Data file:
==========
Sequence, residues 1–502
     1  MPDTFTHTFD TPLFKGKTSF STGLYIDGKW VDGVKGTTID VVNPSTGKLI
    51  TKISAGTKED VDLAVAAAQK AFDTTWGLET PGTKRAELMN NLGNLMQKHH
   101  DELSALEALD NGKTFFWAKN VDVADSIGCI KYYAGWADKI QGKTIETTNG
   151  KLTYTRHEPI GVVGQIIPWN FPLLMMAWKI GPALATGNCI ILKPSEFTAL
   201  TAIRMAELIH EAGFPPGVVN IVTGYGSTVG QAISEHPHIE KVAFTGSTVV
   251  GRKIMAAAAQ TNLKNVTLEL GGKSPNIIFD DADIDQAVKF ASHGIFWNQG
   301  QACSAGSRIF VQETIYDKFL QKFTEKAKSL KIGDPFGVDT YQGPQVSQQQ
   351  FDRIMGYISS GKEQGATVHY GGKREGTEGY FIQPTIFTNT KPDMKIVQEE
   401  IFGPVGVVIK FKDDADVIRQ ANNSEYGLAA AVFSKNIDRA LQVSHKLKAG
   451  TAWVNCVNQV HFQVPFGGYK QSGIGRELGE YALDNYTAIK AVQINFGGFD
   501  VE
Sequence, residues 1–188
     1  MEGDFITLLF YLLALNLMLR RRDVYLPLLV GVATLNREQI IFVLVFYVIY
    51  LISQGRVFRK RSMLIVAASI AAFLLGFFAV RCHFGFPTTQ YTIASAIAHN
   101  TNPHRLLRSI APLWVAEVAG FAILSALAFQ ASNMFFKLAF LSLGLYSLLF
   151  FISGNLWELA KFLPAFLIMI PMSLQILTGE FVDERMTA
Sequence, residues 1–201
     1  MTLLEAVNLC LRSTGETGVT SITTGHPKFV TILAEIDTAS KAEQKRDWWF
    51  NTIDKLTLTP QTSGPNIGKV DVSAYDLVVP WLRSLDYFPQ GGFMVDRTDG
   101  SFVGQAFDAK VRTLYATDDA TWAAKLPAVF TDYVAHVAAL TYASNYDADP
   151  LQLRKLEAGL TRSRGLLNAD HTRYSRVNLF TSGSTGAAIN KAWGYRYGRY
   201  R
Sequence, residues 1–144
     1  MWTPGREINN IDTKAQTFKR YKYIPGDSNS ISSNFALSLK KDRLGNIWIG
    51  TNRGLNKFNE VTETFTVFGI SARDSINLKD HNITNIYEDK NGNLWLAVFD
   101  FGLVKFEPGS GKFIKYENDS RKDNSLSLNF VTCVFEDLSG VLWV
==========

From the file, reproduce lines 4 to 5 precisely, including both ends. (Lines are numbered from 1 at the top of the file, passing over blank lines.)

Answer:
   101  DELSALEALD NGKTFFWAKN VDVADSIGCI KYYAGWADKI QGKTIETTNG
   151  KLTYTRHEPI GVVGQIIPWN FPLLMMAWKI GPALATGNCI ILKPSEFTAL